BBC Worldwide Reports 18.9 Percent Gender Pay Gap
The company's 16.9 percent median pay gap compares to 9.3 percent for the BBC overall and the aggregate U.K. figure of 18.1 percent.
BBC Worldwide, the commercial arm of U.K. public broadcaster BBC, on Wednesday reported that its gender pay gap is higher than that of the BBC overall.
The company said the gap amounts to 16.9 percent when focusing on the median, or the middle of the pay range, or 18.9 percent when focusing on the mean, or the "average" pay.
The median figures compare to the aggregate U.K. median pay gap of 18.1 percent and a 9.3 percent figure that the BBC previously reported for its rank and file staff.
The pay report concluded that "there was no evidence of systemic discrimination in BBC Worldwide pay systems," the commercial arm said.
BBC Worldwide published its gender pay report for the year in line with 2017 regulation requiring U.K. companies with over 250 employees to publish their figures.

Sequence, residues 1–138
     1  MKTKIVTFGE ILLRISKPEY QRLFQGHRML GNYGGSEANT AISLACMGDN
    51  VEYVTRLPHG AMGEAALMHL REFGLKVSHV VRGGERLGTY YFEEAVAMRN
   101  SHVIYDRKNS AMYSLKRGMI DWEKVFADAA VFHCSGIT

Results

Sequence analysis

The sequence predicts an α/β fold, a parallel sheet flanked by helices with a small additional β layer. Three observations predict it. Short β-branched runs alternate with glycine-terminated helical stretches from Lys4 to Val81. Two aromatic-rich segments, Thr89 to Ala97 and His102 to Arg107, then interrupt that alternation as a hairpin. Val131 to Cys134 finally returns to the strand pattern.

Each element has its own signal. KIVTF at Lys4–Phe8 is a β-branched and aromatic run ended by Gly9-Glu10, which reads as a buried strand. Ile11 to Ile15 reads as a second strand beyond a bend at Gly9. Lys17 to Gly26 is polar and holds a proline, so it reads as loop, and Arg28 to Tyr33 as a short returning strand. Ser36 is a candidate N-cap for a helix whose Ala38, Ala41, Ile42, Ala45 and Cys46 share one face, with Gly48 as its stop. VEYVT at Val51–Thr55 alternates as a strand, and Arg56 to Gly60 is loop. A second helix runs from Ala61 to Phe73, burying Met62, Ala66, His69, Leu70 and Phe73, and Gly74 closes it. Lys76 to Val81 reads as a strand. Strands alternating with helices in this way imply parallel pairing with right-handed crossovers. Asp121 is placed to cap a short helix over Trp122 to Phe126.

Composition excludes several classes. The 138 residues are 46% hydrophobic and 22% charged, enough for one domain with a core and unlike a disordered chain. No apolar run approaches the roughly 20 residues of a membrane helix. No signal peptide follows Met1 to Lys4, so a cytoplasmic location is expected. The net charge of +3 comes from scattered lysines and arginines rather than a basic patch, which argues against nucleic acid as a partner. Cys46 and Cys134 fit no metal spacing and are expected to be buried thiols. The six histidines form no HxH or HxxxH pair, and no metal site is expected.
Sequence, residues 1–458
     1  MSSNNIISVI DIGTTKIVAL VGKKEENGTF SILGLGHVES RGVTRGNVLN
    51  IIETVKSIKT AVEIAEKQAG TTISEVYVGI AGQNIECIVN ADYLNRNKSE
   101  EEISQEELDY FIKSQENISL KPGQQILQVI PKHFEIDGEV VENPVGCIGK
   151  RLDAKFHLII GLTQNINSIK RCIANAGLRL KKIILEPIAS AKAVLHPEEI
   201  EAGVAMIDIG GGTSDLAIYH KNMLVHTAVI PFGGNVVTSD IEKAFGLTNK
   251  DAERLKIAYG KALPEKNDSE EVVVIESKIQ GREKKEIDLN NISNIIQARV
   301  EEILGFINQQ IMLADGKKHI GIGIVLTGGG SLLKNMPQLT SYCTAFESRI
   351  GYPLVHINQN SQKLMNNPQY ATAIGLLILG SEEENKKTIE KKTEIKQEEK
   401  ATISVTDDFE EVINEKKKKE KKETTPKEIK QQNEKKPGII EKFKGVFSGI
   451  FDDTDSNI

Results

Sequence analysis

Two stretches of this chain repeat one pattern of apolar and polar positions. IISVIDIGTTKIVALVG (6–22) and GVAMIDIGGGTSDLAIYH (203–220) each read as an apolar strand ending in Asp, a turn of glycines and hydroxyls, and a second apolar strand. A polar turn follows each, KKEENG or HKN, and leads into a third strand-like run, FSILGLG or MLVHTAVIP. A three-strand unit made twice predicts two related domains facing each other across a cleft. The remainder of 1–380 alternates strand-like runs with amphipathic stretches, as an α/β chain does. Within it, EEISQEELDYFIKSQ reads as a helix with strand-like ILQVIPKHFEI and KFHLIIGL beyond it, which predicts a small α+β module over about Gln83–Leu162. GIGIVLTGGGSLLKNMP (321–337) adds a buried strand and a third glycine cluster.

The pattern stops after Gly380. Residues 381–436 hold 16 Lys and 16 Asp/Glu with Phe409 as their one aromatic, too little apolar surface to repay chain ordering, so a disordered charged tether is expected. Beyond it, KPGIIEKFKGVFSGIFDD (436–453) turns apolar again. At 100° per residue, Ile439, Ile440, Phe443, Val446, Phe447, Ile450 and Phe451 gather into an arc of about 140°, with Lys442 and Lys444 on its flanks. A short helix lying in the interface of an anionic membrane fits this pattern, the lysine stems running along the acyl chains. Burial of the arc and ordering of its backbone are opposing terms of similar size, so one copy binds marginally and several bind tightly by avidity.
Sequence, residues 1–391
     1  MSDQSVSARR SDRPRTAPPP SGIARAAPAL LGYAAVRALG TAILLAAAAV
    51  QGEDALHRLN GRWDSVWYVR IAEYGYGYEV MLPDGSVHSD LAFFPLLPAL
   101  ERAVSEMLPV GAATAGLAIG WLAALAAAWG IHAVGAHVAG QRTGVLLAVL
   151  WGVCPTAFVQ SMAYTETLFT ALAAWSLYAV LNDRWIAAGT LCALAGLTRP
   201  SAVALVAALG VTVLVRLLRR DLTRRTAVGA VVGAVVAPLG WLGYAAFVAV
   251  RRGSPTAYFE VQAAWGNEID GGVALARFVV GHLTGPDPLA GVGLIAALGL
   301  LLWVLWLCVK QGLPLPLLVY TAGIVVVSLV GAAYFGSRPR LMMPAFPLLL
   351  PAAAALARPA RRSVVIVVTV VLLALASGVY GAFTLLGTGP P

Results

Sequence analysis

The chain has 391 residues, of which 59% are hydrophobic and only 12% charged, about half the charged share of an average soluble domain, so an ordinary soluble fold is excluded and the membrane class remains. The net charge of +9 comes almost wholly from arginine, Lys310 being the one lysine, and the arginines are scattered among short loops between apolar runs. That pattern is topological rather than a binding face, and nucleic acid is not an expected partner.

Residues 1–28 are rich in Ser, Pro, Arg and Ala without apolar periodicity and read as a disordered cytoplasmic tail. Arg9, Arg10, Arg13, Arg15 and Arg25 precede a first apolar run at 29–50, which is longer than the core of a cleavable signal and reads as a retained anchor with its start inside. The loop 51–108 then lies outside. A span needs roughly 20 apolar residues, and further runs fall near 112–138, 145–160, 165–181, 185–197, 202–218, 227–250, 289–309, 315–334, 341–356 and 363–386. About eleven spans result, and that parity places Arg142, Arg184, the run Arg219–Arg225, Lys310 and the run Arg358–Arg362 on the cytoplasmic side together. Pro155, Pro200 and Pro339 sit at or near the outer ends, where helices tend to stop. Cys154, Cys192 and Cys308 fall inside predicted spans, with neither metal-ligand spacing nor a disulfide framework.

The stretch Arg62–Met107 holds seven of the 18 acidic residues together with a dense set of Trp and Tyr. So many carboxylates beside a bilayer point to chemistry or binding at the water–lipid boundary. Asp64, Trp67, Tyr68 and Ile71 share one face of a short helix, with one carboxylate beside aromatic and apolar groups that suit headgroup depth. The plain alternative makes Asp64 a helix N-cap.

"Our results show that there is still more to be done with regards to our gender pay gap to ensure we deliver on this commitment," said Tim Davie, CEO of BBC Worldwide. "We recognize that the main cause of this imbalance is structural and work is underway to improve this."
BBC Worldwide said it would put into place a number of initiatives to reduce the current gender pay gap. "These build on commitments already in place and include a greater focus on pay structures, starting salaries and recruitment systems and processes and furthering the company’s inclusion focus," it said.
The company noted that 14.5 percent of its mean gender pay gap was "driven by more men holding senior roles and more women in junior positions," highlighting that "once the structural issue has been taken into account, the mean gender pay gap would be 4.4 percent."